Just keep swimming

Billie Oliver

Swimming outdoors has given Billie Oliver a purpose in life after the death of her daughter


My swim story began in September 2015. Three months earlier my daughter had died suddenly and traumatically. On what would have been her 35th birthday my family took part in the Gower Fancy Dress Sprint Triathlon in relay teams. I, squeezed into my daughter’s wetsuit, did the ‘swim leg’ in one of those teams.

I had a big shock. I had been a swimmer nearly my whole life and considered myself competent, not a beginner. But on that day I thought I would drown! One minute into the swim and I couldn’t breathe and didn’t seem to be able to move my arms and legs. I seemed to have lost the ability to swim.

A most unpleasant surprise

I should, of course, have practised swimming in a wetsuit in cold water before turning up on the day – but I hadn’t and the restrictions and buoyancy of a wetsuit came as a most unpleasant surprise.

I thought I was suffocating, choking and encased in a strait-jacket. My legs floated to the surface and I was unable to kick properly. The seawater came towards me in great waves just as I opened my mouth to breathe. All of this led me to feel “I’m not going to make it”. I was in panic. I was frightened I would let my team down and all I could think was just keep swimming. “Just Keep Swimming” is Dory’s motto in Finding Nemo. The little fish may not always know where she is, but she can always keep moving forward.

That day I found a challenge, a purpose, something to focus on for the future. It felt to me, as I floundered my way round the buoys, that my daughter was with me cheering me on – and beaming with pride when I completed it. And it continues to feel that way every time I swim in the sea.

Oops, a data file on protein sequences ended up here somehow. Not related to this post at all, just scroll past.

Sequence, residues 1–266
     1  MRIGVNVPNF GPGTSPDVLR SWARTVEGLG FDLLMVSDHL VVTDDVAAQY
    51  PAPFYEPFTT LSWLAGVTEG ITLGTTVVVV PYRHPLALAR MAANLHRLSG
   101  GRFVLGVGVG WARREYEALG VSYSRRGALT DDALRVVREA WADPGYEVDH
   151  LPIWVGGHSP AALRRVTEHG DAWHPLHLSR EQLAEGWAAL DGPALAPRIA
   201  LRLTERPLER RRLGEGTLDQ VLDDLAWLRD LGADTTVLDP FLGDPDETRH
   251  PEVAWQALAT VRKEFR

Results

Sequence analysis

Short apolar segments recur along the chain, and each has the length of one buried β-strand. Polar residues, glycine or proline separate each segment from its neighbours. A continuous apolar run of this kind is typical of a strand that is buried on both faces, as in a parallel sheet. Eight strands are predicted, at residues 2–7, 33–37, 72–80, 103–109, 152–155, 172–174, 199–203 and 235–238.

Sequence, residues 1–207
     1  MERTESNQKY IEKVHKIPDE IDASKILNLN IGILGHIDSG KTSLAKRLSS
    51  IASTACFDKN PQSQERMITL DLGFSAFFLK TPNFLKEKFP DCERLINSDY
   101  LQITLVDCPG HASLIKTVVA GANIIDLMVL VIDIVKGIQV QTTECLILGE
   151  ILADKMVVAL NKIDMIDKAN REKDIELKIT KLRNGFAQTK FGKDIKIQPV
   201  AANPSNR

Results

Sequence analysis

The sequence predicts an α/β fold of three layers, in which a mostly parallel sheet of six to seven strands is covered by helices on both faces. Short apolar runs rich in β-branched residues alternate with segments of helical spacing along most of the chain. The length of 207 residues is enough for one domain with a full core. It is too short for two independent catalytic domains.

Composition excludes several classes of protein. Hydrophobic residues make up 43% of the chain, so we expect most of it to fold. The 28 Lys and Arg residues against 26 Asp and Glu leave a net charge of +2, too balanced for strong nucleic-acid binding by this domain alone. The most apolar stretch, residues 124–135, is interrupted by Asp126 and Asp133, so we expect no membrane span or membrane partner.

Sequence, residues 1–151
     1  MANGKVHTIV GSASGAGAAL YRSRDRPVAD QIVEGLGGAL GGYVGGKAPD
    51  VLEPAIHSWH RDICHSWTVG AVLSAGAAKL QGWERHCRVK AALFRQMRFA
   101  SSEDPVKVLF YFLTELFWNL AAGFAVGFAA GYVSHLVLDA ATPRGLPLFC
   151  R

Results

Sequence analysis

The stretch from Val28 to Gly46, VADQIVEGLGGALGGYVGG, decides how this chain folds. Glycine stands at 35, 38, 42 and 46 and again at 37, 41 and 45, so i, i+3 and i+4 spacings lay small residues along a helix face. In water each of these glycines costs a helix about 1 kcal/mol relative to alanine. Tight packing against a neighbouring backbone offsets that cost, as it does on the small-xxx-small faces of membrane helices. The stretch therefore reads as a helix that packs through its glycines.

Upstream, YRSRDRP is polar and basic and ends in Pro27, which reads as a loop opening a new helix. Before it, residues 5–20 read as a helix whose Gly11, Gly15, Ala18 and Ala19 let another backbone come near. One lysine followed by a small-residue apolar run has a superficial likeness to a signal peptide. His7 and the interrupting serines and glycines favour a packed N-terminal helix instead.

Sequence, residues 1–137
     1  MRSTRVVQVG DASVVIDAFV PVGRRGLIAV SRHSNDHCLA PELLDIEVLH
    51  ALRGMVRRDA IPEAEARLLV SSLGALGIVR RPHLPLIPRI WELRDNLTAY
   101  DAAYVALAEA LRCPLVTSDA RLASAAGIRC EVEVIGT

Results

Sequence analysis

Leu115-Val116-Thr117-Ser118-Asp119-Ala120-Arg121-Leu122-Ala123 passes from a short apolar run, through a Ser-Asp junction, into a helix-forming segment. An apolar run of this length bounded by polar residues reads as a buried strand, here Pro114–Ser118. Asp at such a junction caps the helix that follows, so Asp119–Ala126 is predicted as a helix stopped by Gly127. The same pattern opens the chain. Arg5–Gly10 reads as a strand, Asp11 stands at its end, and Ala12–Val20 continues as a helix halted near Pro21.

A new occupation

In 2017 I retired from work and decided to take up open water swimming as my new occupation. My aim is to swim the south coast of Britain by the time I am 70 (I’m currently 64 so you get an idea of how ambulatory my progress might be). I am not in a rush to complete this challenge and I am not setting about it in a systematic or planned way. As and when an opportunity arises to visit family or friends or enter an event or go off on an exploratory jaunt, I decided I would also plan to include a swim.

A surge of exhilaration

This could have become purely a warm weather pursuit. However, on 1 January 2017 I was persuaded to sign up for the ‘New Year’s Day Dip’ at Clevedon Marine Lake. The marine lake (re-opened in 2016) is a fantastic local community resource. There were lots of people there that day and a lovely festive and fun atmosphere. Some people were in fancy dress. Others were trying to swim ‘properly’. Most were just pleased if they could get in at all. I jumped in (and quite soon afterwards jumped out again) and felt a surge of exhilaration. I felt energised and invigorated and laughed and laughed. It brought happiness and joy into that grey cold day and I wanted to do it all over again. I also met a new group of people who also wanted to swim outdoors all year round and who have been incredibly supportive, encouraging, informative and friendly. That sense of achievement; the hot drink; the camaraderie; the laughter; the celebration – and the cake – that’s what keeps me going back for more.



What’s your Swim Story? Email: editor@outdoorswimmer.com

01 Cover January

Issue 45 January 2021

  • The Northumbrian adventurer blazing his own watery (and icy!) trail
  • Keri-anne Payne on how to train like an Olympian in 2021
  • History, nature writing and the Troubles
  • Sarah Thomas looks at the icy thrill of ice miles

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